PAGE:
“Cruelty… was basically one member really wanting his drum kit to have a particular sound,” says Dani, referencing former member Nick Barker. “And when you get a sound like that, you can’t have massive guitars on top; it’s like elephants walking over a rope bridge.”
Also helping to make the number a standout was its opening narration, which sat somewhere between the poetic and the ridiculous. “The moon, she hangs like a cruel portrait,” boomed actor Doug Bradley, aka Pinhead from the 1987 movie Hellraiser (itself directed by Clive Barker). “Soft winds whisper the bidding of trees / As this tragedy starts with a shattered glass heart.”
It marked the start of a fruitful relationship between Cradle and Doug – the actor would later return on the Godspeed On The Devil’s Thunder and Existence Is Futile albums. Yet Dani has no clue how the collaboration came about. “I think our manager at the time contacted him,” he guesses. “I think the conversation started with, ‘There isn’t much money in the budget, but…’ I remember he came down kind of early to the studio. They were still setting stuff up, so we just said: ‘Pub?’ Ha!”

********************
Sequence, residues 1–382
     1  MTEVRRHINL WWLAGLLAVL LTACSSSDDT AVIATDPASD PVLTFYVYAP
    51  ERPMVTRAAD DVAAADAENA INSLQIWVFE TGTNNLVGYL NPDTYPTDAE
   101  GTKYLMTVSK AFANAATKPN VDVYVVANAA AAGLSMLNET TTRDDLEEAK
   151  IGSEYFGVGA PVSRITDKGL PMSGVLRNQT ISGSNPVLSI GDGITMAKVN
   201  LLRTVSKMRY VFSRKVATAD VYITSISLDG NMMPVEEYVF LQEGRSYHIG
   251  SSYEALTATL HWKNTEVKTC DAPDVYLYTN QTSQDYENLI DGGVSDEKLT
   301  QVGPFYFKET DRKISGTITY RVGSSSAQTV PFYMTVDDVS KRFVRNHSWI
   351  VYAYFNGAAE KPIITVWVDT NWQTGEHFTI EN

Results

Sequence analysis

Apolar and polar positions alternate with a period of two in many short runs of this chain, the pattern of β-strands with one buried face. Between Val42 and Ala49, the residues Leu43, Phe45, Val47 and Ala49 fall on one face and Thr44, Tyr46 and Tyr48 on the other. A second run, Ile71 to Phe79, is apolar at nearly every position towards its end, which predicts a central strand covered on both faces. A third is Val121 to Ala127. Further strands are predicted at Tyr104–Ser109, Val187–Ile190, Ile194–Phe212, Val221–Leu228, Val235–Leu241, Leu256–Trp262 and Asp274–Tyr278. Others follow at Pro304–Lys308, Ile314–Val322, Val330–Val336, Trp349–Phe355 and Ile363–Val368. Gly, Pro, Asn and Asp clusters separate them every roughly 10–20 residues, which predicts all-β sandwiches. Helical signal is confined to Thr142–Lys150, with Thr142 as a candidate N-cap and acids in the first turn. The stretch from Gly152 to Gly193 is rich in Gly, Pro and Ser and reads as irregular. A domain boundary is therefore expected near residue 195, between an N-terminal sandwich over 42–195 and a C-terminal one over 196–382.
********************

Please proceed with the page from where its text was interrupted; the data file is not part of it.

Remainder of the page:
As quintessential as Doug Bradley and the increasingly polished Cradle sound were, Dani believes the secret to Her Ghost In The Fog’s success was its video. The OAP-bothering Alex Chandon directed the clip, which cast the band against a snowy backdrop with jagged trees. It was reminiscent of classic silent-era German Expressionist horror movie The Cabinet Of Dr Caligari.
“It was at the end of that era where loads of big gothic horror movies were being made,” Dani states. “We’d just had Sleepy Hollow and, before that, Bram Stoker’s Dracula and Mary Shelley’s Frankenstein. There were continental films like Dracula Rising; Brendan Fraser’s The Mummy had a huge gothic vibe to it. People were spending a lot of money on horror movies at that point and I think that sort of cinematic line filtered through.”
Cradle’s musical shift also coincided with the increasing eclecticism of some of black metal’s other leading lights. Cradle’s one-time touring partners Emperor had vastly expanded their sounding, Mayhem were making the Nietzsche-inspired Grand Declaration Of War, Enslaved were becoming more prog, and Ulver had embraced atmospheric experimentalim. As Dani puts it: “Black metal was being superseded by a more avant-garde form.”
Her Ghost In The Fog may have failed to chart, but it became a regular staple on MTV. It also marked the beginning of Cradle’s time as a genuine commercial force in metal, something that continued through the follow-up albums Damnation And A Day and Nymphetamine.
“As with most things, Her Ghost In The Fog was a case of the right place at the right time,” Dani says. “You have a massive success with one thing and then the record company are like, ‘That worked – replicate it!’, but you can’t. Her Ghost In The Fog was conjured up by the circumstances. You can’t predict it, you can’t replicate it.”